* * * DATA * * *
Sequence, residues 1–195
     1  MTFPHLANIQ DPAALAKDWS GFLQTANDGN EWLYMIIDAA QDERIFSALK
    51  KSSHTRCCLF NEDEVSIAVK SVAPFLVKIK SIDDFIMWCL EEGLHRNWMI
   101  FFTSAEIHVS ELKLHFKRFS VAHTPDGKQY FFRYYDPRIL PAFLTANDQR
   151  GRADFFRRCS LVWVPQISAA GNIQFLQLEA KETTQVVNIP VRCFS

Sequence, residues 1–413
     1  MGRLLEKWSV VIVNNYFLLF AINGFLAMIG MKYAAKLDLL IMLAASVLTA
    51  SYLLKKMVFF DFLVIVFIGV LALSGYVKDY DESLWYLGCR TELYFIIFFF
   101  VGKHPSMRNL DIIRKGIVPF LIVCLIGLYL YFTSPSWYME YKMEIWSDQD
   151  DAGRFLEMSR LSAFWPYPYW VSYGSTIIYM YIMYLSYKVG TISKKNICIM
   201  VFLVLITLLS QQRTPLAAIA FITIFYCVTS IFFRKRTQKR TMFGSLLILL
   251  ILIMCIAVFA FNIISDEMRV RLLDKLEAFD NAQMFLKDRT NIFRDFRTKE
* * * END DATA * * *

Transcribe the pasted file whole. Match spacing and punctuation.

Sequence, residues 1–195
     1  MTFPHLANIQ DPAALAKDWS GFLQTANDGN EWLYMIIDAA QDERIFSALK
    51  KSSHTRCCLF NEDEVSIAVK SVAPFLVKIK SIDDFIMWCL EEGLHRNWMI
   101  FFTSAEIHVS ELKLHFKRFS VAHTPDGKQY FFRYYDPRIL PAFLTANDQR
   151  GRADFFRRCS LVWVPQISAA GNIQFLQLEA KETTQVVNIP VRCFS

Sequence, residues 1–413
     1  MGRLLEKWSV VIVNNYFLLF AINGFLAMIG MKYAAKLDLL IMLAASVLTA
    51  SYLLKKMVFF DFLVIVFIGV LALSGYVKDY DESLWYLGCR TELYFIIFFF
   101  VGKHPSMRNL DIIRKGIVPF LIVCLIGLYL YFTSPSWYME YKMEIWSDQD
   151  DAGRFLEMSR LSAFWPYPYW VSYGSTIIYM YIMYLSYKVG TISKKNICIM
   201  VFLVLITLLS QQRTPLAAIA FITIFYCVTS IFFRKRTQKR TMFGSLLILL
   251  ILIMCIAVFA FNIISDEMRV RLLDKLEAFD NAQMFLKDRT NIFRDFRTKE